the only other choice since AMD doesn't make chipsets for their chips.
Sorry I haven't needed to upgrade so this was the last testing I've done.

Comparing a $91 AMD processor to a $150
Intel processor is not exactly a fair test. In fact, to make things even
fairer, you should have compared systems that are the same cost.
At the time they were close, within $100/10% and given the P4 was TWICE as
fast on the app I was using, there was no problem choosing. When you're
talking about spending $800-$1000 to build a system, $60 for twice the
performance in this app is well worth doing for me. For people who say just
want a system for gaming, the AMD makes more sense. Shame you can't do
anything but PUSH AMD products instead of helping people get the right
system for their uses.
 
S

Stacey

JK said:
If they are within the same price range as a higher end P4 solution for
the platform(CPU, motherboard, and ram) then it is a fair comparion.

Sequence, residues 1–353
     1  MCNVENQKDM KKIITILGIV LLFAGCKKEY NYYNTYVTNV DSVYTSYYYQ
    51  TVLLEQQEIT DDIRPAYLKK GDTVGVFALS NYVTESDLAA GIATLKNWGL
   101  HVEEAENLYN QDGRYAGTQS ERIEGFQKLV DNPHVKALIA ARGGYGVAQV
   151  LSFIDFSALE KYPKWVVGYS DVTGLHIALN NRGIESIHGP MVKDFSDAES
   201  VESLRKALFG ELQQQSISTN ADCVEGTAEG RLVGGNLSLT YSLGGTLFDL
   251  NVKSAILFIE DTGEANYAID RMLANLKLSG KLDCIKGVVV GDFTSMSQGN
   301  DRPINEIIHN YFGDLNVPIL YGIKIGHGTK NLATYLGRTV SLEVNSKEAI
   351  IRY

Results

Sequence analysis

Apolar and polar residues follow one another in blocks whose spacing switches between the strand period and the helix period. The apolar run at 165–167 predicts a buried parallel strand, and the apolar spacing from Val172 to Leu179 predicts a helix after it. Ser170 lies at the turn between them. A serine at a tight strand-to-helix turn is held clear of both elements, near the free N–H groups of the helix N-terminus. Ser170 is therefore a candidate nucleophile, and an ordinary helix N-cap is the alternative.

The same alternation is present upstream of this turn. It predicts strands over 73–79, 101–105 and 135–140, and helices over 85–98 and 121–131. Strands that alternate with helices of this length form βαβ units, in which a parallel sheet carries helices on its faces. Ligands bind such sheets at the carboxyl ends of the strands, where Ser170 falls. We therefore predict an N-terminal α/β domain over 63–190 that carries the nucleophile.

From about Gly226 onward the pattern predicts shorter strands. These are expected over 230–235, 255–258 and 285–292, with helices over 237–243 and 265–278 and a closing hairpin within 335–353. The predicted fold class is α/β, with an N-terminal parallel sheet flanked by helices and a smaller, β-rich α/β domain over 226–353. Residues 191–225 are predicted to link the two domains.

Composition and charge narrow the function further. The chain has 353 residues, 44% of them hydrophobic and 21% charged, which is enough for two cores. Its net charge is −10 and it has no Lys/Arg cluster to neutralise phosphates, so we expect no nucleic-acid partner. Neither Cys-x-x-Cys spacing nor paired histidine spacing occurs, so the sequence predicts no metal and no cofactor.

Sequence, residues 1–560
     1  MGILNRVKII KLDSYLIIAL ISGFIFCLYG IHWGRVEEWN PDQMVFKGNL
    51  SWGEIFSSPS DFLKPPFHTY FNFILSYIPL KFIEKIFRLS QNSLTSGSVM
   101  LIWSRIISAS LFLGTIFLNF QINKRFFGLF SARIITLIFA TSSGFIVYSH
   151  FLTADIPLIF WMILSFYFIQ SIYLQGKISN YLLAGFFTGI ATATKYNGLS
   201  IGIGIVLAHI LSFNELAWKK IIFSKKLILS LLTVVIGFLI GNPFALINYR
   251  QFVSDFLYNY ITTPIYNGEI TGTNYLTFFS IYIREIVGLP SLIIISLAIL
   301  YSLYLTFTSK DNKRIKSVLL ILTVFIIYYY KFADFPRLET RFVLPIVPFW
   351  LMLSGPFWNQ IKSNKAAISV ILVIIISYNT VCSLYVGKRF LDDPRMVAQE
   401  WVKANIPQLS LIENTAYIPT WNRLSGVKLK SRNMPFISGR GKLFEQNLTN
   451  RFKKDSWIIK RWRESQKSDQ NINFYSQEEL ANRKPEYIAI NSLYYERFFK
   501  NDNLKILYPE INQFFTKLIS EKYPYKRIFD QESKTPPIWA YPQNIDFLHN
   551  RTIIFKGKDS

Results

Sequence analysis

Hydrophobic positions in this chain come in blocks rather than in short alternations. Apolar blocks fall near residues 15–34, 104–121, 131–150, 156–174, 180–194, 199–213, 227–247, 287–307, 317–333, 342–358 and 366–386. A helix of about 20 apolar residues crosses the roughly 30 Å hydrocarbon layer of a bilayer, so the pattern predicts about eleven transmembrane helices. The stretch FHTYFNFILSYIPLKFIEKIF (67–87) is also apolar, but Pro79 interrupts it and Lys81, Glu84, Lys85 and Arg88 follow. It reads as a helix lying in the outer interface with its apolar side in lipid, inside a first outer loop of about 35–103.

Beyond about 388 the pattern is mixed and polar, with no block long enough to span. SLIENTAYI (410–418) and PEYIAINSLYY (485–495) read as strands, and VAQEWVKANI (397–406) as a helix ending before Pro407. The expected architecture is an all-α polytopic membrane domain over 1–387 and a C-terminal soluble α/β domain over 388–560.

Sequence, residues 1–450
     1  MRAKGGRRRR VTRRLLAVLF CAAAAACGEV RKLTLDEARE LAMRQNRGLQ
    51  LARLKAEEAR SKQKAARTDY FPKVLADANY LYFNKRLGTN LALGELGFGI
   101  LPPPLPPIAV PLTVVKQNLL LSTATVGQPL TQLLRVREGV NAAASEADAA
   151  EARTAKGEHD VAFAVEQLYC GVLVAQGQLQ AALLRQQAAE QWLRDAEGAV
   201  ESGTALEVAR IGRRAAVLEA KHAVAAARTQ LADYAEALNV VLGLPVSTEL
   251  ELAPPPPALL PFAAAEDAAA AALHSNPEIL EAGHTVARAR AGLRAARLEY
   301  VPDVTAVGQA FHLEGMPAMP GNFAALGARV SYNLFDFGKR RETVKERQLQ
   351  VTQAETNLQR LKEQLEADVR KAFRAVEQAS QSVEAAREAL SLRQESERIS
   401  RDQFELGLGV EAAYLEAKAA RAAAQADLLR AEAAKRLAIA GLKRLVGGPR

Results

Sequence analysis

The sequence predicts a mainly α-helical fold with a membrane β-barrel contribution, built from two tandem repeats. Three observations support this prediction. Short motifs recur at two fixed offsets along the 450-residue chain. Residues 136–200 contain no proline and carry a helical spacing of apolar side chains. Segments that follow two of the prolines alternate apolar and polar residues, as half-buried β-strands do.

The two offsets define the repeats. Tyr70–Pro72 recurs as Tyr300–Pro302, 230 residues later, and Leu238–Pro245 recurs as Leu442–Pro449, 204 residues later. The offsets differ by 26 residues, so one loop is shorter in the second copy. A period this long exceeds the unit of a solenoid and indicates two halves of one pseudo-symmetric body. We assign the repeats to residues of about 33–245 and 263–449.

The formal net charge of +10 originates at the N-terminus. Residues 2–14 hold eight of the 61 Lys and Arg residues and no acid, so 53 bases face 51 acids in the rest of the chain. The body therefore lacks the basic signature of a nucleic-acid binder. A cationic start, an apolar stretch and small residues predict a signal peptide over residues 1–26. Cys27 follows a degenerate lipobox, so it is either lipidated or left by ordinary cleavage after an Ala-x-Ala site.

Unless they are missing desktops "normal" things like AGP ports etc..
 
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B

Boppie

I'd like to see the performance difference between the computers jocking for
64bit position & once again there's more computer than the average person
really needs except if you are becoming a scientist.

BBoppie
 
A

Ancra

I'd like to see the performance difference between the computers jocking for
64bit position
There are some more important things to reflect on, than some 5-15%
difference in performance.

The G5 will have 3-4% of the market. If it gets 4%, it's a hell of an
achievement and Jobs and Apple is going to be over the roof.

I'm sure the G5 is brilliant in relation to its transistor count and
clockspeed. Motorolas cpus have been the best designs there are, for
more than 20 years now. But I can't see it taking over the PC market.

The PC market will go either of two ways. AMD's way, in which case the
Athlon64/WindowsXP64 succeeds in making a relevant market penetration.